Reflecting on an eventful August, for my column and my health

Newly diagnosed cardiac issues require coordination with my care team

Samuel Kirton avatar

by Samuel Kirton |

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What an interesting month August has been. Regular readers of my column may recall that the month started with a discussion of a new comorbidity in my post-transplant world. In subsequent columns, I wrote about how to explain your chronic illness, responding when opportunity knocks, and sharing your last wishes.

I feel like my last entry for the month needs to outdo the others.

Addressing my cardiac issues

I had an appointment with my cardiologist, Dr. Behnam Tehrani, on Aug. 17 at Inova Fairfax Hospital in Virginia. When I was diagnosed with idiopathic pulmonary fibrosis in January 2017, it was the beginning of an adventure like none I’d ever experienced. The battery of tests and bloodwork was daunting but very necessary. One of those tests was a double cardiac catheterization.

I was originally approved for a lung transplant in March 2020 but deferred. COVID-19 was just becoming widely recognized, and I was better off not entering the hospital at that time. In March 2021, the time had come to list me for transplant. It was necessary to redo some tests to ensure the results still supported a bilateral lung transplant. Tehrani performed another cardiac catheterization.

Now, two years post-transplant, during a routine echocardiogram (ECG), the radiologist noted that my aortic regurgitation — when the heart’s aortic valve doesn’t close tightly — was moderate and referred me to my cardiologist for an assessment.

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How I’ve overcome adversity on my IPF journey

While my aortic regurgitation should continue to be monitored, it has been unseated as my primary cardiac concern. Tehrani noticed an ascending aortic aneurysm measuring 4.8 cm on the echocardiogram results. A normal aorta is approximately 2-3 cm. Anything wider is considered enlarged, and surgical intervention is generally considered appropriate at 5.5 cm in men.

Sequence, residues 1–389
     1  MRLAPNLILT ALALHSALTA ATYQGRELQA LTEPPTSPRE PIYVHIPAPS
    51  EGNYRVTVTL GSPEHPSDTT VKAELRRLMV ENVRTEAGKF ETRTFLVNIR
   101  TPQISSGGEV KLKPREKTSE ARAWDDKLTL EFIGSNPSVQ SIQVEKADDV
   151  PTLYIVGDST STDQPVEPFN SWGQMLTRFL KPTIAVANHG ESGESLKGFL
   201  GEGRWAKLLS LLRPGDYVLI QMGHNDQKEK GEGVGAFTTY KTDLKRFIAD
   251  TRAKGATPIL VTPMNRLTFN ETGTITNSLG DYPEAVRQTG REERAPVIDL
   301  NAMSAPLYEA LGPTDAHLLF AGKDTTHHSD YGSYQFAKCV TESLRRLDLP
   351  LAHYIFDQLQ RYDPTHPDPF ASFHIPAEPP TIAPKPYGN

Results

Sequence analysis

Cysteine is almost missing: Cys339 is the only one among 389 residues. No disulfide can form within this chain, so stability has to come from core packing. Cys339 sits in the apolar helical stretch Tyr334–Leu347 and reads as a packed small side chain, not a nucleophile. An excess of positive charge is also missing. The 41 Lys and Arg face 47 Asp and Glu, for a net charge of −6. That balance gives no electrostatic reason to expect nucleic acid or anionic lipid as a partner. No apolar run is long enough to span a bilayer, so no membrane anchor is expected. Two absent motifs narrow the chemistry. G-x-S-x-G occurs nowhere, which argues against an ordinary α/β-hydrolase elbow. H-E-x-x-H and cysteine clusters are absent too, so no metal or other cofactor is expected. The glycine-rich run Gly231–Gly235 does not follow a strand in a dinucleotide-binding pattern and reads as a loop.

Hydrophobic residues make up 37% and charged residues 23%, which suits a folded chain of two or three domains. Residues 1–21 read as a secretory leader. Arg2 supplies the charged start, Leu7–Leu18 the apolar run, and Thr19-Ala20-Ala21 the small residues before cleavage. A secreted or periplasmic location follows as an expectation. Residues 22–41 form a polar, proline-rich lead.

To ensure a more accurate measurement, Tehrani ordered a magnetic resonance angiogram (MRA) — a type of MRI that looks at the blood vessels. Because of my stage 3B chronic kidney disease, the use of contrast is contraindicated, as it’s hard on the kidneys. It’s interesting to note that my kidney disease resulted from medications I take post-transplant.

Now what?

On Monday, Aug. 21, I had the MRA at Inova Fair Oaks Hospital. Like an MRI, it was very loud. It’s the only medical procedure I’ve ever undergone where hearing protection is standard.

It took a little over an hour to complete, but in full disclosure, technicians had to let me take a break twice. The exam required me to hold my arms extended above my head. Since my bilateral lung transplant, which was conducted via sternotomy, it’s difficult for me to do so for an extended period.

One of my flaws (I can see your shocked look) is that I obsessively check MyChart, the patient record system. My results were posted on Tuesday morning, and shortly after, I received a call from Tehrani confirming that the measurement of 4.8 cm was accurate. Previous measurements from ECGs indicated my aorta had grown from 4.4 cm over the past several years. At this point in the conversation, we took the next step and developed a plan.

Tehrani referred me to Dr. Daniel G. Tang, a cardiothoracic surgeon. For those who read my column regularly, his name may be familiar. Tang performed my bilateral lung transplant in July 2021.

I exhaled.

I knew the surgeon and his work. I am living proof of his expertise. I have an appointment with Tang on Sept. 11 for a 90-minute consultation to refine the plan. Although there’s a sense of urgency, I’m not panicking.

For more than seven years, Inova has taken care of my health. I was really struggling with this latest challenge, so I allowed myself some time for a pity party. It was a short party, and attendance was limited. I recalled a journal entry from shortly after my diagnosis. My mantra, “be positive in all things,” was a great reminder in this situation.

While my cardiac issues aren’t directly related to my transplant, they must be addressed in order to protect my donor’s gift of these beautiful lungs. Working closely with my care team to develop a plan is how I continue to make every breath count.

Note: Pulmonary Fibrosis News is strictly a news and information website about the disease. It does not provide medical advice, diagnosis, or treatment. This content is not intended to be a substitute for professional medical advice, diagnosis, or treatment. Always seek the advice of your physician or other qualified health provider with any questions you may have regarding a medical condition. Never disregard professional medical advice or delay in seeking it because of something you have read on this website. The opinions expressed in this column are not those of Pulmonary Fibrosis News or its parent company, BioNews, and are intended to spark discussion about issues pertaining to pulmonary fibrosis.


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